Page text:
Cell Phones Poor Safety Item

– Last Updated: Jun-10-09 10:14 AM EST –

Rather than learning techniques to increase cell phone reception ( a skill with limited value), you might be better off learning First Aid. It comes in handy when your emergency involves your cell phone falling in the drink.

Have to agree that a cell isn’t
much of a safety item and is often unreliable at best. Several creeks I really like to paddle are in the middle of a large wilderness area that has zero cell coverage and that’s one of the best things about those trips. You never see a guy kayaking along with his cell phone stuck to his face.

Obviously be as prepared as you can for the likely scenarios. First aid supplies and some training are good. Some knowledge of self rescue is needed in many remote areas and it’s always a positive thing to be ready to help others when it doesn’t put you in danger. The guys at the other in of the 911 call may be hours from helping.

Having said all that, almost any clearing will be your best shot. If you are already on the water, paddle away from shore a bit. If you are already on land, look for a nearby clearing or a hill with a clearing. Knowing if there are roads near the shore can also be helpful. Even if you can’t get a signal, you might flag someone down or get them to make a call for you.


Signal Yes, Then Signal No
I was using my cell phone at my campsite and on the water where I was camping and kayaking this past Sun-Tues. My husband & I always check out the area we’re camping and kayaking in to see if we get a signal.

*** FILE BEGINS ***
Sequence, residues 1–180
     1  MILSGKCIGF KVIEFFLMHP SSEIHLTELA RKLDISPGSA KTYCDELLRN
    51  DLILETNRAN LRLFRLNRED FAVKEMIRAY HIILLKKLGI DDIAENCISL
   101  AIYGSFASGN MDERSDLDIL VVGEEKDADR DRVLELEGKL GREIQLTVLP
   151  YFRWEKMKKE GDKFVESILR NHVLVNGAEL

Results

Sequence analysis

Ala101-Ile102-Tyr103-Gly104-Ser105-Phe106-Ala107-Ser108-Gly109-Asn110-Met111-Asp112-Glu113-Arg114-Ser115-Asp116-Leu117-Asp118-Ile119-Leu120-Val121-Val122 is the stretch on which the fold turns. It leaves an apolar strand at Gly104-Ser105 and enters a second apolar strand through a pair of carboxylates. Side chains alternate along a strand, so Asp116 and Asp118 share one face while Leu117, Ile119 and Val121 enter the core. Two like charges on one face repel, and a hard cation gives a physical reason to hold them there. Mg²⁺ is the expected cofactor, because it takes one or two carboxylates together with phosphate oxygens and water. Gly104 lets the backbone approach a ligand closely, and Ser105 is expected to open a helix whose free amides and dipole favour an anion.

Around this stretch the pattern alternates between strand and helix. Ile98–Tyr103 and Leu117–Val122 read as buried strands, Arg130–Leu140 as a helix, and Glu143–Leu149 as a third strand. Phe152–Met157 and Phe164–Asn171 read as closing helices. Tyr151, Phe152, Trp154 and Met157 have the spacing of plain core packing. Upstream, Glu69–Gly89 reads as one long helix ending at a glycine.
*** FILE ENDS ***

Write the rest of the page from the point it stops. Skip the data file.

I have to say, one minute it can work and the next, not, so if you do get a signal, know that you may not always get it in an emergency.

We do have a marine radio also, plus those walkie talkie things for keeping in touch since we don’t kayak near each other.


You’ll have the same problem with
a Ham rig as with a cell phone. I’m a Ham and a member of the county Search and Rescue. Basically, you need to have line of sight or you won’t get your signal out. Our SAR frequency is in the 2 meter band and we need to position members on hill tops to keep in touch with members searching in isolated valleys. Also, in more isolated places, the 2 meter Ham band isn’t very active so you might not have anyone listening. It’s easy to find the lists of repeaters on the 2 or 70cm meter bands run by Hams, but chances are that if you can hit them, then you can use the cell phone since both antennas are located in places too provide the most coverage.

One of the SAR Ham members carries a QRP (5 watt), CW, HF rig that he built so he could communicate with his wife while backpacking. HF doesn’t need line of sight but you’re talking quite an investment in time. Maybe, I’ll get my rusty CW skills back up to snuff and give that a try. Would be fun setting up remote comm sites when backpacking or paddling.

Text, don’t call
If you have a weak or intermittent signal then send a text message rather than trying to make a call.

Probably regional differences
From what you’re saying, Yaknot, I suspect that the abundance of HAM relays is different in different areas. Local operators around here tell me that in this state there is virtually no place except within the larger designated wilderness areas (admittedly, that’s a large area) that is not accessible by some 2 meter relay. Additionally - they tell me that most, if not all, of these relay sites are automated and will accommodate dialing out without any other participation.

Professional back country guides around here tend to use satellite phones for emergencies (HAM can’t be used for business). The cost isn’t really bad if you restrict them to such use.